Four Ways to Save the Dying Bank Branch

This article originally appeared on American Banker.

Despite the growing dominance of digital banking, the physical bank branch is not extinct. But to ensure the viability of branches, the size and nature of the branch network must change more substantially and more quickly than most banks acknowledge.

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A cost-benefit analysis reveals that many branches are underperforming. As currently configured, the typical U.S. branch requires at least 5,000 teller transactions per month to justify the cost of operation. We estimate that for a typical U.S. regional bank, one-third of its branches fall below this level. If the 20 banks with the most U.S. branches reduced both their branch footprint and costs per branch by 30%, their total cost savings could well exceed $10 billion.

In response, banks should eliminate some branches while streamlining others, first by redirecting branch activity that is more clearly suited to digital channels. The institutions that undertake such a project more quickly will stand a better chance of reaping the benefits of having convenient digital channels combined with smarter branch networks.

After downsizing the branch network, what should banks do with the branches that remain? Whichever route retail banks take, here are four principles behind a successful transition.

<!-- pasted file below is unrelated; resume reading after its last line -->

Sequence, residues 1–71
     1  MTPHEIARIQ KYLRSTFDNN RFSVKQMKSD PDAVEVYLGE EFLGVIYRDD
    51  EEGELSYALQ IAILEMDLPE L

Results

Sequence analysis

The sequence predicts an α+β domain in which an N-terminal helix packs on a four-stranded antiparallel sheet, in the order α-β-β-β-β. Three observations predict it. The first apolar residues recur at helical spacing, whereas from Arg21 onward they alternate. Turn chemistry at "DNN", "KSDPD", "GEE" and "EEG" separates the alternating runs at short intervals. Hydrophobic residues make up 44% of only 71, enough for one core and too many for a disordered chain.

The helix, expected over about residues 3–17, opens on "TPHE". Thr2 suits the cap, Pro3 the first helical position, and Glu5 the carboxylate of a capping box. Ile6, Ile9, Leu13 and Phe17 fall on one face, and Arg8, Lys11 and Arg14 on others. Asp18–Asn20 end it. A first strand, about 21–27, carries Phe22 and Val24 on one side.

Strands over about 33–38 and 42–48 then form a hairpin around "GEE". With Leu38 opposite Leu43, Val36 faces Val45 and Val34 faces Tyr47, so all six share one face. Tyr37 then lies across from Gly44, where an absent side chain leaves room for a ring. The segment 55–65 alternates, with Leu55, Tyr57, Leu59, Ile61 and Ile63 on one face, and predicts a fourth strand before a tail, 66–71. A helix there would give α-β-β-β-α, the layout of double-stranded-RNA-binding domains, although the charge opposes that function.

Much of Your Branch Activity Belongs Elsewhere

From our work with banks worldwide, we know that about 70% of branch activity at most banks is tied to errors or would be better routed to lower-cost, more convenient digital channels. Consumers clearly prefer digital channels for many transactions, particularly routine ones such as making deposits and payments. For those transactions, banks should avoid policies that force customers to go to a branch and stand in line, such as ceilings on remote deposits.

The savings achieved by reducing inefficient branch interactions should help banks enhance their capability to digitalize customer experiences — highlighting convenience and speed — to help compete with many fintech insurgents. Banks can also look externally, through partnerships and acquisitions, to accelerate their offerings of digital channels to replace activities that had been encumbered in physical branches.

Another way to streamline the network is by changing the way employees interact with customers. Some communication, such as giving mortgage advice, does not have to occur in a branch but could be done through mobile chat or video. As banks plug their front-line staff into a digital hub, that can raise productivity by reaching more customers and reducing paperwork.

Read more at the American Banker.

Richard Fleming and Mark Schofield are partners with Bain & Co.'s financial services practice. They are based, respectively, in New York and Toronto.